Agent of Change

ELECTION DAY 2008. Election Day has arrived. I’m hopeful that the results are clear, non contested and we select the individual who can bring about change to best benefit the country as a whole and impact in good ways in the world in general — economy, security, improved standing in the world, health issues of the population and the general health and well being of this third rock from the sun we call Earth. We all know the promises the candidates pledge cannot all be realized; there is that checks and balances system we call democracy, but one promise Barack Obama made, win or lose, was to at last acquire for his beloved and cherished daughters a puppy!

I put out to Barack Obama and his wife Michelle, and to all the other parents out there who promise their children a puppy — whether it’s because they won a national election or the child’s report card was improved or they finally did achieve that last notch in the goal to achieve a dog or it was just good timing — KUDOS. But, as it takes a village to raise a child, so does it take those in the life of the dog the willingness, time, patience and knowledge base to achieve a relationship with a dog (or dogs!) whose function in the life of their people can be one of great joy, humor, love, companionship, improved health, unconditional love…the list goes on.

My three children went to the Barack Obama/Bruce Springsteen event held in downtown Cleveland, OH this past Sunday. No longer myself a big fan of really huge crowds, I got their first hand report on the event. One thing that struck me, of course relating it back to dog training, is their comment about Barack Obama’s daughters being up on stage with their parents and The Boss! My youngest daughter, 9, articulated to me that she thought they were very brave to be up on that stage in front of so many many people (I would have to agree with that!). I thought about the anomaly of Malia (also 9) and Sasha’s socialization during this long campaign of their father’s in which standing up in front of thousands has become a regular experience. One which certainly has had positive reinforcement for these young girls to be so poised and graceful.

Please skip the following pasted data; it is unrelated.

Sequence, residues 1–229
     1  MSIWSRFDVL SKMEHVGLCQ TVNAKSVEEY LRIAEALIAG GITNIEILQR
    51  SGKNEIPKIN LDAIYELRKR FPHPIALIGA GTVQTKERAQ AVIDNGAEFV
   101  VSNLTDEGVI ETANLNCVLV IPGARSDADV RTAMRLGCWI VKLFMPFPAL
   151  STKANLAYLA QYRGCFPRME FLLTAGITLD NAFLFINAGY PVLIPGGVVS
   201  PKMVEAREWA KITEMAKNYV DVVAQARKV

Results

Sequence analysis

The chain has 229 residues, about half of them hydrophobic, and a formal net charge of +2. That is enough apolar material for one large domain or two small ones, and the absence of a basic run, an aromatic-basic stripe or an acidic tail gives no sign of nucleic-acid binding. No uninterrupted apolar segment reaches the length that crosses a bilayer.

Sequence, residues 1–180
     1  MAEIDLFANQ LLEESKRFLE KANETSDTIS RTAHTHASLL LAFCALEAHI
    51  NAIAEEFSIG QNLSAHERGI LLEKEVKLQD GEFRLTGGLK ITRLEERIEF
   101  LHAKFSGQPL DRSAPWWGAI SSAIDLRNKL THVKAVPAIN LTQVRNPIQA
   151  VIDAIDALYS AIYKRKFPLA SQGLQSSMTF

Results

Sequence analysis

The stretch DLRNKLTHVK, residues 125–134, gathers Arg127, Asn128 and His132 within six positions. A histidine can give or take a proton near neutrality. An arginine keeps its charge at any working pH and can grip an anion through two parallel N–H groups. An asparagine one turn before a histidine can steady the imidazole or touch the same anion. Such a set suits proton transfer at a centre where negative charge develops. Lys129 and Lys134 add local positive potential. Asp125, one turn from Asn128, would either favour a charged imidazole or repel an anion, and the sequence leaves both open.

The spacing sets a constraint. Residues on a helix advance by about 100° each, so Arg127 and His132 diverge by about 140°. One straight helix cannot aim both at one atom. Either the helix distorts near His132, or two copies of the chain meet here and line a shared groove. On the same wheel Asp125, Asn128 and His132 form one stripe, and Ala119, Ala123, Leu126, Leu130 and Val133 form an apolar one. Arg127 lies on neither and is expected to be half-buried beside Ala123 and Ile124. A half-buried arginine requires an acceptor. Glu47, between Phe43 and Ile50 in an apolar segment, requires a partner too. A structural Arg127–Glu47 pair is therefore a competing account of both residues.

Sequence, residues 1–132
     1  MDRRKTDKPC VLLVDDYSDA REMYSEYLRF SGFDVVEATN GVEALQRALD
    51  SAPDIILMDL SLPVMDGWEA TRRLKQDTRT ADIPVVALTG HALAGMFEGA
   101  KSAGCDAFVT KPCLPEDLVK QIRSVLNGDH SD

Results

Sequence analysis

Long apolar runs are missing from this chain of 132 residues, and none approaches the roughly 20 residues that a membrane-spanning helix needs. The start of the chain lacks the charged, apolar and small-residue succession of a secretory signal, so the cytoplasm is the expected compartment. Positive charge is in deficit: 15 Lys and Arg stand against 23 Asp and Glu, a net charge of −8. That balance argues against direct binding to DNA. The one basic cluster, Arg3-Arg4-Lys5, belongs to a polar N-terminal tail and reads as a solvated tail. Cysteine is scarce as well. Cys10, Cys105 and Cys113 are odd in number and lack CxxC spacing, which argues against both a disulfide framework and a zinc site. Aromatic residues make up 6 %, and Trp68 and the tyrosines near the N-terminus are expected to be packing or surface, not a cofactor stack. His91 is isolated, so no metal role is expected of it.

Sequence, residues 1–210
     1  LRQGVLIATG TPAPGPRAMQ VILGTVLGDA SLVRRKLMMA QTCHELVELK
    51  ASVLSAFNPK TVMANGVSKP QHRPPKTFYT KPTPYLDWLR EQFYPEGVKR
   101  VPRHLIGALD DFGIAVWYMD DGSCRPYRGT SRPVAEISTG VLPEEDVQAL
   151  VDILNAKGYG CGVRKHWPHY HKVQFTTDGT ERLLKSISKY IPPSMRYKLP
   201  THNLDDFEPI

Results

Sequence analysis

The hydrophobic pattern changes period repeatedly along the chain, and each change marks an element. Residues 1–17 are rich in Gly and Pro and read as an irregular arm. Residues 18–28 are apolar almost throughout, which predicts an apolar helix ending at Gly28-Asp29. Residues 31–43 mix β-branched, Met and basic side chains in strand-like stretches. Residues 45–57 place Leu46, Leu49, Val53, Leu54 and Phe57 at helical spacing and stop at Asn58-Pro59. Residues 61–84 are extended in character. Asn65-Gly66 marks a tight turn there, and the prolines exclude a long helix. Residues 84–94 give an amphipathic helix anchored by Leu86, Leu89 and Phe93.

So too must a First Pup be exposed to and socialized to all the events that are routine for his/her future family. The pup will need to learn how to handle himself gracefully and show the country, the world, how a well trained pup can be a boon to a family.

My dogs ages are now 5, 7 and very nearly 9.

They are well past their puppy and adolescent behaviors of oppositional/defiant behaviors, chewing, lacking in internalized self control. They’re by no means perfect, and each has a distinct personality with qualities that I find both endearing and annoying. But deep down my dogs and I have an abiding trust. They follow me in a comforting, not annoying way. They join me on adventures no others would be available for or interested in, they adjust to changes in routine with little issue, and they definitely bring me more joy and comfort and humor than distress or frustration.

So Barack and Michelle, as you settle into the new life that this post election time frame will bring, spend time with your family and come up with a fantasy wish list of the dog that will help complete the scene for now! Trust me, it will help you greatly when adolescence in your daughters kicks in! And if you need help with any aspect, don’t hesitate to get in touch.